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Report No. 052 - Cesium-137 From the Environment to Man: Metabolism and Dose (1977)

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This Report first outlines the environmental deposition of Cs-137 as fallout from atmospheric nuclear testing. The intent was not to document what has been found, but rather to draw from that experience the information that might be helpful in assessing the relative importance of various food chain pathways and in providing a broad understanding of the metabolism of Cs-137 in man. Second, dosimetry was explored rather fully, to give not only an average dose to the total body but also some idea of the departures from the average that might be expected. In particular, it appears that children, pregnant women, and some persons suffering from certain diseases eliminate cesium more rapidly than does the normal adult, and thus, receive less dose for a given contamination level in the diet. Maximum permissible concentrations (MPC), or equivalently maximum permissible annual intakes (MPAI), of Cs-137 are derived for occupational exposure to soluble compounds. No widespread use of insoluble compounds is known at this time. Fortunately, the wide availability of in vivo counters makes it feasible to follow directly such cases as might occur. While many critical points remain unanswered from the animal experimentation, a moderately large body of information has been accumulated on animals. The most significantt experiments are reviewed in Section 5.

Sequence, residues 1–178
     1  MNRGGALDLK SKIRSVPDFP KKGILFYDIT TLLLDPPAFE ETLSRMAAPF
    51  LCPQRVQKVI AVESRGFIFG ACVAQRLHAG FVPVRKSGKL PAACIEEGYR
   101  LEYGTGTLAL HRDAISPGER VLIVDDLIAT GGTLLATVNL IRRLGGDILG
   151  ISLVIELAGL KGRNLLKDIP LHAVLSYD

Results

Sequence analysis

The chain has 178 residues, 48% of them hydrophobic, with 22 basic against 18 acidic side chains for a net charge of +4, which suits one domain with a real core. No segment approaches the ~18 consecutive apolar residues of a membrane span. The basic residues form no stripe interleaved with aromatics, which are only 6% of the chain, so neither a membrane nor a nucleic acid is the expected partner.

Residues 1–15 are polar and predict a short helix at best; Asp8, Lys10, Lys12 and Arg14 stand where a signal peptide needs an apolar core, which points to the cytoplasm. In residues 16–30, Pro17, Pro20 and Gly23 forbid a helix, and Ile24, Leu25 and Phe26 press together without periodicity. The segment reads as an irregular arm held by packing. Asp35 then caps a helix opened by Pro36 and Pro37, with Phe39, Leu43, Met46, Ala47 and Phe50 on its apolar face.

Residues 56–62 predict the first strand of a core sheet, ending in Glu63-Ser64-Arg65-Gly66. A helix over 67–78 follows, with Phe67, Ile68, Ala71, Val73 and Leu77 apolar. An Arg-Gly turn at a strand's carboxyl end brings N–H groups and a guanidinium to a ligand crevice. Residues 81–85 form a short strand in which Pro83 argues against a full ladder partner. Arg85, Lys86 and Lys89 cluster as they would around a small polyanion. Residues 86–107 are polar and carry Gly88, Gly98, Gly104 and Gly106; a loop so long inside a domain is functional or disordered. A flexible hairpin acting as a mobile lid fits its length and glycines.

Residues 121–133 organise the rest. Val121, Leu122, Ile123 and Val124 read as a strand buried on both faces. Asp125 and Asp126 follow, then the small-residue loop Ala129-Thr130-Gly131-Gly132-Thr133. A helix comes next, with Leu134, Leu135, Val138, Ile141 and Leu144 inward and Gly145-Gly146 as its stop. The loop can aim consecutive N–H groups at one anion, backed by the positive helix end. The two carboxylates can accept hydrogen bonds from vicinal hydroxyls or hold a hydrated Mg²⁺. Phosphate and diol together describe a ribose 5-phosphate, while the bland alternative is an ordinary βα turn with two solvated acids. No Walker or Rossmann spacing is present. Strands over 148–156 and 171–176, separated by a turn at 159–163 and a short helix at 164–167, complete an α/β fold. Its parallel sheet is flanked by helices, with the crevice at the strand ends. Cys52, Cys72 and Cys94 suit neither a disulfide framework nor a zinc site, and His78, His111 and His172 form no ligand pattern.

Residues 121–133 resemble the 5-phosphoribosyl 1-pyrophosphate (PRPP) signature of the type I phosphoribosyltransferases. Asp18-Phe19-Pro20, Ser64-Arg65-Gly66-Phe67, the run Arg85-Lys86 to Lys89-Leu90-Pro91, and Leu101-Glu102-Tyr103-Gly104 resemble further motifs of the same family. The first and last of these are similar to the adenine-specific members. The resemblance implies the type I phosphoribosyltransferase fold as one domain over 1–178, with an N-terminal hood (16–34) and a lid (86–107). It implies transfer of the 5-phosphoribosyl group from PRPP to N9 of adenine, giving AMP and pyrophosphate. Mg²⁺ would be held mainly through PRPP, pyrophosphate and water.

Scientific Committee:
John C. Bugher, Chairman (1966-1970) - deceased
Walter S. Snyder, Chairman (1970-1977)

Eight expert members.
I Disagree
I Agree

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